ITAP Lecture 1
During the first session of Integrating Theory and Practice, we were introduced with the notion of RVJ (Reflective Visual Journal). It is an indispensable tool which visual communicators can use when confronted with the need to solve a problem of visual implication. Although in essence a sketchbook, the RVJ is based on a set of several key principles.
The most important principle that an RVJ incorporates is drawing. It is extremely important for the practitioner to work by hand, thus enabling his mind to make a direct connection to the piece of paper and lay out ideas. By using this technique, problems can be solved easier and with greater effectiveness.
Such examples can be found in the work of Ben Heine, a Belgian illustrator and photographer. His unique way of seeing the world stimulates interest through humor in order to underline it’s intention: that numerous visions of the world are available. Although at first glance comprised mostly of cartoonists, Ben Heine`s audience could also include people interested in ecological matters, children and also other artists. Numerous signs are present in his artwork: the majority of photographs show a hand holding a piece of paper with a drawing, marking the presence of an altered vision of the worlds by the means of drawing. The viewer has to alter his previously known perspectives in order to decode the vision presented here. Once this is achieved, the reward is a new way to experience the world, conceive ideas and enable an innovative way of thinking. The context in which the Belgian`s artwork appears is in the form of a contradiction that appears between two separate ways of presenting reality named “Pencil vs. Camera”. More of Ben Heine`s work can be seen on his website.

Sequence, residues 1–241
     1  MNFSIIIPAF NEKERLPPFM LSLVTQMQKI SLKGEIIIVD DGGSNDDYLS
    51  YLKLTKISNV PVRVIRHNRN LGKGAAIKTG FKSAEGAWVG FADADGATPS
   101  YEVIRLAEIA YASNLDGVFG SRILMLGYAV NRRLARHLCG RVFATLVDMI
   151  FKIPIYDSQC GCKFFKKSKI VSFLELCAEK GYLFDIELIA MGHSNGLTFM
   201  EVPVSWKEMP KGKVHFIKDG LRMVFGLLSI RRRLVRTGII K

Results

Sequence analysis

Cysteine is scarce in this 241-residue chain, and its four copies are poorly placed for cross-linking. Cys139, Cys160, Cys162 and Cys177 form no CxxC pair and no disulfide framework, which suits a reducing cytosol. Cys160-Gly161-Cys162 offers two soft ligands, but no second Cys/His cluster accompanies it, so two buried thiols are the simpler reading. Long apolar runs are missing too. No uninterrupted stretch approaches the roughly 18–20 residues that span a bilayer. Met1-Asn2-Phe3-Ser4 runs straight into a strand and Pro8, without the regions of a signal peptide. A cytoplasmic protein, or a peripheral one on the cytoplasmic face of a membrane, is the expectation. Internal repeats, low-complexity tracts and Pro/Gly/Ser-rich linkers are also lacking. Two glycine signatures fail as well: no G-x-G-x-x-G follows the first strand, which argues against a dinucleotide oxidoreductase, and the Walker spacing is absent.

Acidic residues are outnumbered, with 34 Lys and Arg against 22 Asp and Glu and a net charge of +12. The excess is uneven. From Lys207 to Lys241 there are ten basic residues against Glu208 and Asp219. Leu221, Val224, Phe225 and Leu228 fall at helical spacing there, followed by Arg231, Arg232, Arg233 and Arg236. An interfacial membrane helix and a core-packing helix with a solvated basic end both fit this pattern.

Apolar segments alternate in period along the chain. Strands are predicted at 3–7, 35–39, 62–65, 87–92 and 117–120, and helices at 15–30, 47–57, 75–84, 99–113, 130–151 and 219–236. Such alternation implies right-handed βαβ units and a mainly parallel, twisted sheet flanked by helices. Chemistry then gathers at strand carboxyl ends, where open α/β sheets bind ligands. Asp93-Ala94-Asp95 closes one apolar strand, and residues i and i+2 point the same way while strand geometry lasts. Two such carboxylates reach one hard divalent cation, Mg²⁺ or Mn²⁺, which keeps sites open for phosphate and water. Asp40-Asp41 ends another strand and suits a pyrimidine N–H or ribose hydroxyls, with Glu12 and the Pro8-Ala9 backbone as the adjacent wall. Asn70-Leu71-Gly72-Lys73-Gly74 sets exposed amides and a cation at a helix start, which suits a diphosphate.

Another essential principle of the RVJ is to use your creative brain. This means using both the right and left sides of your brain in concordance. One can use the playful and creative right side of the brain to come up with numerous innovative ideas and then use the left part of the brain in order to evaluate these ideas and establish what can be used. This alternation or left and right brain sides is the key to creative thinking.
Some examples of creative brain usage can be found amongst Henry Moore`s sketches, an English sculptor. Many of his sketches were used to lay out general ideas of the final outcomes. The intention was to depict abstractions of the human body. Mostly art oriented viewers formed the audience. Signs of this abstraction can be found in the hollow forms that usually represent female bodies. , Henry Moore used reclining figures and bent limbs that rejoined the bodies of his sculptures in order to encode his abstract message. The context of his artwork is the exploration of this reclining figure and also experimentation.
Both of these principles have numerous ways of application in any RVJ. Ben Heine`s shows that drawing can sometimes supersede other forms of creation, such as photography, in terms of creative power, while Henry Moore`s sketches represent the creative process at it`s best, by using simple drawings to later create visually-inspiring works of art.
It is important to a visual communicator to understand these principles, as the represent key elements of any design process.